"Science is the belief in the ignorance of the experts."

Richard Feynman, no slouch himself when it came to science, said that.

The Babster's been to the left coast and the results aren't pretty.  In today's Ithaca Journal (h/t South of 5 and 20):

Assemblywoman Barbara Lifton, D-Ithaca, visited the West Coast earlier this week to tour renewable energy sites in central California and meet with leaders in the green energy field...

[....] "My work on gas drilling has heightened my great concern about climate change, and the role that fossil fuels are playing, according to an overwhelming consensus of our nation's and world's climate scientists," Lifton said. "Peer-reviewed studies are showing that the huge release of methane gas in the drilling and transportation of natural gas, which is mostly methane gas, is likely to significantly add to the amount of greenhouse gas we are releasing into the atmosphere. Since methane gas is anywhere from 72-100 times more potent than CO2 as a greenhouse gas, such release of methane would add considerably to the already destructive effects we are seeing from climate change."

Lifton said the trip was mostly educational, but may factor into legislation she plans to draft in the next session of the state Legislature...

Remember when the Climategate story broke in November 2009? You remember—the hockey stick? "Hide the Decline"?  Oh, you don't remember? That's because it didn't get muchany play in the lamestream media.  Well, some people noticed anyway and produced a series of videos on the Church of Global Warming at which Babs is a regular worshipper:

Notice the not-very-subtle shift in emphasis in Lifton's remarks above from CO2, the original focus of all the hysteria, to methane, a bugaboo related to our regional environmental cause du jour—fracking.

We here at Redneck Mansion have gone hoarse—in a manner of speaking—on the subjects of our moral and intellectual superiors, global warming (or "climate change" as they now like to call it since "global warming" has become a discredited shibboleth), sustainability, energy development (or the lack of it, more to the point) and the like.  Lifton's brief remarks read like a compendium of logical fallacies, and she makes claims that if not demonstrably false, are at the very least questionable:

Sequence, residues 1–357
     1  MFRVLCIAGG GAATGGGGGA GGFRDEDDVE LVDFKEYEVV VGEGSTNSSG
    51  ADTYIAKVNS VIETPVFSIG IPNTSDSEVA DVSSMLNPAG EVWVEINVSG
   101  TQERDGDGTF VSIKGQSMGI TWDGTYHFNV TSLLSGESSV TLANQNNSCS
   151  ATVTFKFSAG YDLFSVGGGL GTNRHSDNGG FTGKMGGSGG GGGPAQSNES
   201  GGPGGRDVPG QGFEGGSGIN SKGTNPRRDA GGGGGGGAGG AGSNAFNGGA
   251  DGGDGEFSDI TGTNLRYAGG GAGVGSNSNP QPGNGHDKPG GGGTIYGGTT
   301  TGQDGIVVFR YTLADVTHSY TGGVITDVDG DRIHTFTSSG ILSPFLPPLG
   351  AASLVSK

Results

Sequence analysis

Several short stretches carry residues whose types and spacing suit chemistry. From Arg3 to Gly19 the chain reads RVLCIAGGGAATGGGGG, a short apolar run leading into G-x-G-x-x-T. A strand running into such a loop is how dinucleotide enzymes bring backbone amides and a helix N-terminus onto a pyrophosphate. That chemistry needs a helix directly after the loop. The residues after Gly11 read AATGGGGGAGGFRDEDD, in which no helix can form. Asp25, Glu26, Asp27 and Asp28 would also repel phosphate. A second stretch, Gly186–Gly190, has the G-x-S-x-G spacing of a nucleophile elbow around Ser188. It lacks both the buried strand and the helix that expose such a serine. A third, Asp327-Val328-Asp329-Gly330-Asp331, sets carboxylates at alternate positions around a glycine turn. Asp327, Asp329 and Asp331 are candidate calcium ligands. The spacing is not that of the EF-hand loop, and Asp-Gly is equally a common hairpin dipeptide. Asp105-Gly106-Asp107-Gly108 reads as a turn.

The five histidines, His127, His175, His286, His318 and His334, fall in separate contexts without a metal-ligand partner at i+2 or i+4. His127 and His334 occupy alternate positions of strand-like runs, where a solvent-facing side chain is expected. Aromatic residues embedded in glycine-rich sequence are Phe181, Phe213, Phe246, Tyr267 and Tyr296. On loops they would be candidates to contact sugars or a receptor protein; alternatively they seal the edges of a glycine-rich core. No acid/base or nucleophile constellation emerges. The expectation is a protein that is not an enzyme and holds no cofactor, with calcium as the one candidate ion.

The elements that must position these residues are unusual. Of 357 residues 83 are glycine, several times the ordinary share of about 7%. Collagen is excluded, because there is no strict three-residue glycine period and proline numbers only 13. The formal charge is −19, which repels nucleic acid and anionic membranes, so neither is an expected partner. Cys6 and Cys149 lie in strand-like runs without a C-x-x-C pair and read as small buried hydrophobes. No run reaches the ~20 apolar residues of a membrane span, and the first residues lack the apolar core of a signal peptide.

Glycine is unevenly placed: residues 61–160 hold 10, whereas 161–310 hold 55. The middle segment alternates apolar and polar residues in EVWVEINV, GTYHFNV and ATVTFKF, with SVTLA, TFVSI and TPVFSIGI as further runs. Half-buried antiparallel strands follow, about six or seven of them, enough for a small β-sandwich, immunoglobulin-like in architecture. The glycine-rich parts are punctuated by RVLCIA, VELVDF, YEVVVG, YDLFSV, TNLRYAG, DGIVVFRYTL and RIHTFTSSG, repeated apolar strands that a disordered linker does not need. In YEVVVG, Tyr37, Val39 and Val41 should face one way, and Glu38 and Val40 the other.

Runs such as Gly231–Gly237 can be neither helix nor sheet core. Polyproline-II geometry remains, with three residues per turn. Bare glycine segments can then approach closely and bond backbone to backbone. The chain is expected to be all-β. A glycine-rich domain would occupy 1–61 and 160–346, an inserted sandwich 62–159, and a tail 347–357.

...Professor Robert Howarth, a biologist at Cornell University, argues that the gas industry generates as much or more greenhouse gas as the coal industry, though only in the short term. This is because methane is a more potent greenhouse gas than carbon dioxide and methane leaks during fracking and production59.

85. This conclusion requires unrealistic assumptions about: the quantity of methane that leaks during fracking, production and transport; the lack of methane leaks from coal mines; the residence time of methane in the atmosphere; and the greenhouse warming potential of methane compared with carbon dioxide60. For example, Howarth assumes that methane has 105 times the global-warming potential of carbon dioxide over 20 years; even the Intergovernmental Panel on Climate Change only uses a factor of 72 over 20 years, but prefers 25 over 100 years, which is the normal period of comparison. And Howarth gets his numbers on high gas leakage from shale gas wells from unreliable sources, his numbers on gas leakage from pipelines from long Russian pipelines, and assumes that `lost and unaccounted for gas‘ is actual leakage rather than partly an accounting measure61. He also fails to take into account the greater generating efficiency of gas than coal. As one critic puts it of Howarth‘s latest paper:

Practically every paragraph includes an assumption, simplification or choice by the authors that tends to increase the calculated environmental impact of natural gas. Whether that‘s the result of bias or merely a series of judgment calls, it undermines confidence in the final conclusions at the same time it amplifies them. -- Geoffrey Styles, The Energy Collective, 15 April 201162.

86. Absent these unrealistic assumptions, gas is clearly a lower-emission fuel. It is also worth noting that the growth rate of methane concentration in the atmosphere `slowed in the 1990s, and it has had a near-zero growth rate for the last few years‘ according to NOAA63. This is hardly the signature of a growing problem.


We've said it before and we'll say it again—the science is not settled.  Babs would do well to not make it sound as though it were.

Subscribe to methane